This lesson covers task statements. This lesson discusses the IT Audit Process which is Domain 1. Task statements help a company assess a situation and develop a risk based IT audit strategy. [toggle_content title="Transcript"] So let's start talking about the first domain. The IS audit process. One thing that's interesting about the breakdown of the domains is that ISACA does tell us roughly what percentage of this domain is covered in the exam. So 14% for the first domain. There are a few that are 14% but it's the smallest amount that a particular domain will take in the exam. One of the domains takes 30%, so it's twice as much material. But this one's kind of a smaller one, 14%. So we're trying to think about what are the auditing processes or methodologies for information systems and how do we adhere to the industry standards for doing this activity in a way that provides the auditor with predictable results and also provides your client with the information they need in order to make decisions based on risk and other factors. Alright, so for each of the domains we have task statements and knowledge statements. This might be a lot to read when you're first looking at, so I'll just kind of try to cover the highlights of each of these. So for the first domain we're trying to think about first a risk-based audit strategy. As I was just mentioning, you're trying to make risk-based decisions, so that's why we audit things to begin with. We find out that we've got a problem or some inconsistency or a configuration that doesn't match what's expected. Then that affects your risk posture, your security posture, and also subsequently affects your ability to make decisions based on the assurance that's provided by a particular system or some security controls. Now, we have to think about planning our audits. So an audit sometimes is a planned scheduled event. Other times it might be something that is more spontaneous from the perspective of the auditee, rather. The auditor knows that the audit's coming but it might not be something that's announced well ahead of time. There's different philosophies on this. I'm of the opinion that using a mix of scheduled audits and some things that are a little bit more short-term notice are a good idea. If everybody knows that the audit's coming, at the end of the month, for instance, it may be tempting to scurry around and fix all the different problems that you think might be discovered in the audit, and then everything looks better than it might have looked otherwise. If, for instance, someone says, 'The audit's going to happen tomorrow.' Now you've got a different situation on your hands. That short-term announcement of an audit is likely to uncover things that would not have been uncovered if you were given more notice, because people don't have enough time to fix or go and verify anything if you tell them it's going to happen, you know, 24 hours from now. So it's an interesting contrast between those two different methodologies. Having properly crafted out an objective is something to think about too. So you can't just say, 'Well, we're just going to measure everything and test some stuff.' You need to have objectives that might already be defined because the organization has done these kinds of audits before, or it could be something that's new because there's some new information that's come to-light that triggers an audit. Two things that could trigger an audit are time-based, I already mentioned that, maybe it's an annual or semi-annual or quarterly audit of some particular system or group of systems, or some financial aspect of your organization. Or it could be something that's event based. So, in this day and age, when we see a lot of hacking incidents and a lot of fraud from officers in large organizations, certain events might trigger an audit because someone says, 'Well, this and this and this happened and someone did this and someone stole this money and we've got these fraudulent transactions we just discovered.' You really don't want to wait until the next scheduled audit to start looking into that, right? So that's what I would call an event-based audit. Something happens, now we've got work to do. The other thing we think about is once the audit is completed, we have to make sure that the stakeholders get the results of this audit. They're the ones that have a reliance on this information to decide what's best for the organization and they have the requirement to understand the findings and to decide what actions to take. So producing a report that's concise, has the required level of detail and has the assurances of the auditor that it was done correctly and is providing truthful information is what's most important here. Then we go to number four. Conducting follow-ups or preparing status reports. This is an important thing to think about as well because it could be the case that the auditor does some work, discovers some findings and prepares a report for management or for the other auditee to look at and they might have to go back and change some things, fix some things. Correct problems. So now the auditor has to think about at what interval should they follow-up to re-investigate or re-examine this information to find out if, indeed, the problem is resolved? That interval could be decided mostly by the client but there could be some standards that might be effectively used to say, you know, 'You've got 30 days.' Just kind of like a typical window where something might be required to be fixed. If it's more critical, maybe you've got three days, or five days, it just depends on the situation and the management style of the organization as far as what they want to do in those different areas. [/toggle_content]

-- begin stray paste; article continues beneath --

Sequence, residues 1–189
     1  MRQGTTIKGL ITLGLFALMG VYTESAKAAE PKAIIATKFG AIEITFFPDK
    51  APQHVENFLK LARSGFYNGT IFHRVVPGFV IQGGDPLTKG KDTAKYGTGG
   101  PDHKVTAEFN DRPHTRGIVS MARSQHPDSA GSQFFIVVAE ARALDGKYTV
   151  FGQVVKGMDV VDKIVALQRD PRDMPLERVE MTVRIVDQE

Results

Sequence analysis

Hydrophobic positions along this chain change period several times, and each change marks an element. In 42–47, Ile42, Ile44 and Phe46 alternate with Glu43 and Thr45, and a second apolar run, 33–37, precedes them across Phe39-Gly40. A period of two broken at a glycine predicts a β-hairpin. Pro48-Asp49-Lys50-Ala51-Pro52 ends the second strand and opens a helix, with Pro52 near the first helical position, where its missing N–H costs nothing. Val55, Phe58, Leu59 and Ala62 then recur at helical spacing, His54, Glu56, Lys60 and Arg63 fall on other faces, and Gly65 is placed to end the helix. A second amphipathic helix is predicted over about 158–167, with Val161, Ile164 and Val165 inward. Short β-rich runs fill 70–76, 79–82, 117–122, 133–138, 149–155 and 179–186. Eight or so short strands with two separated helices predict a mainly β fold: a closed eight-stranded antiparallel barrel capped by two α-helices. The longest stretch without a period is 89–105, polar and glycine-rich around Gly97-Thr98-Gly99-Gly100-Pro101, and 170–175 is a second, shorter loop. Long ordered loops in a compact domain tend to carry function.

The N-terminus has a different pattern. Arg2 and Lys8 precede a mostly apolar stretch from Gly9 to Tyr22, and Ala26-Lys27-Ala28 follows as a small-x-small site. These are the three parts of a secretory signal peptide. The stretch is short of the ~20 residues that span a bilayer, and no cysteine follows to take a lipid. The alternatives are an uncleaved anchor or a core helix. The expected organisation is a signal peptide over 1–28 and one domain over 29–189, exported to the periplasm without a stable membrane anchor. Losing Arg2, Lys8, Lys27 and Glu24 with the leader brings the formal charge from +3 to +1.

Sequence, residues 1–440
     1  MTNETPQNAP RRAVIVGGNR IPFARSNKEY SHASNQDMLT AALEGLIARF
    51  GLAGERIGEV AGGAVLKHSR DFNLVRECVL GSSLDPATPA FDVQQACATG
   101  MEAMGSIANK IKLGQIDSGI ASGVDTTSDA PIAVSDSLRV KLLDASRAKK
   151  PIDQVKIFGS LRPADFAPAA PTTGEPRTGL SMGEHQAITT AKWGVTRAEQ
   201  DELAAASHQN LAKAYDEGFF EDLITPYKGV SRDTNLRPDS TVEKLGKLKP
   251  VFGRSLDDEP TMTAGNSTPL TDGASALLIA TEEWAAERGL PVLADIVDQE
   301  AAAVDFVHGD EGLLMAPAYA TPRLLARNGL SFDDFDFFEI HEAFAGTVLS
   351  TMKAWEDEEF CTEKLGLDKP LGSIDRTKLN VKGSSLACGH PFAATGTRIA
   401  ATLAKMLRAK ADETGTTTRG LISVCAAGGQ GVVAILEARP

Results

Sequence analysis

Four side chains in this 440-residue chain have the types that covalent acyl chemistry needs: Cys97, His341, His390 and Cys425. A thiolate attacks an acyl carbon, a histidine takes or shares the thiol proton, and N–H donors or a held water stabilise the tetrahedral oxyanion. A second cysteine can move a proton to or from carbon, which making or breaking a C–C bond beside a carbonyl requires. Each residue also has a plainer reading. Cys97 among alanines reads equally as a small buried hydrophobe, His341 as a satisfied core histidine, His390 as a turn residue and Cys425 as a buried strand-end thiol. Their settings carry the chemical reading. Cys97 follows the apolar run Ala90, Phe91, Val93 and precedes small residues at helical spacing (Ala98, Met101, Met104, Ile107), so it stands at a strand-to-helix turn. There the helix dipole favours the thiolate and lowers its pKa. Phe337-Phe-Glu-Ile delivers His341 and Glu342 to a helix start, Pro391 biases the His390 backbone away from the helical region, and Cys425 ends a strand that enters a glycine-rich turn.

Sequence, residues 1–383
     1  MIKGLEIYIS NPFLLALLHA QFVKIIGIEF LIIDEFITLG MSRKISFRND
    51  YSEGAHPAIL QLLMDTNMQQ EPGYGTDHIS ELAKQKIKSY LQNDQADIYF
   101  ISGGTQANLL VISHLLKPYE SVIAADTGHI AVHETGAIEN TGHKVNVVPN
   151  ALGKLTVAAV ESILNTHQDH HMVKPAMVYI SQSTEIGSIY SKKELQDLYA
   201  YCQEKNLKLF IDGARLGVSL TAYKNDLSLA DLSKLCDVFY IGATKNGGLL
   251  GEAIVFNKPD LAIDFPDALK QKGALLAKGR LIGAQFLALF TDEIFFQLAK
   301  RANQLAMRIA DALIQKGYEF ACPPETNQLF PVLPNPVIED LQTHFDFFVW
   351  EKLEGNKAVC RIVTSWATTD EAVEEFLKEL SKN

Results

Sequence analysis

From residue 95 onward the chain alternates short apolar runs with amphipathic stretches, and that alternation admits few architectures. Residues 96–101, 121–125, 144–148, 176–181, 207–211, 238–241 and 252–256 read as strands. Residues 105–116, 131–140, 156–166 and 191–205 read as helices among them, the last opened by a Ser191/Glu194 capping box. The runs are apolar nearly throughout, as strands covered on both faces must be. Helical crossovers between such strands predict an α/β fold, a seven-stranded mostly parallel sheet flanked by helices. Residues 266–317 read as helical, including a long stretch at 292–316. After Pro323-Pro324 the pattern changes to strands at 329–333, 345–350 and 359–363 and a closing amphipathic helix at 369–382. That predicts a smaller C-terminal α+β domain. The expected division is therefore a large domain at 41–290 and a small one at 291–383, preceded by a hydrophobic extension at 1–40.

Video Transcription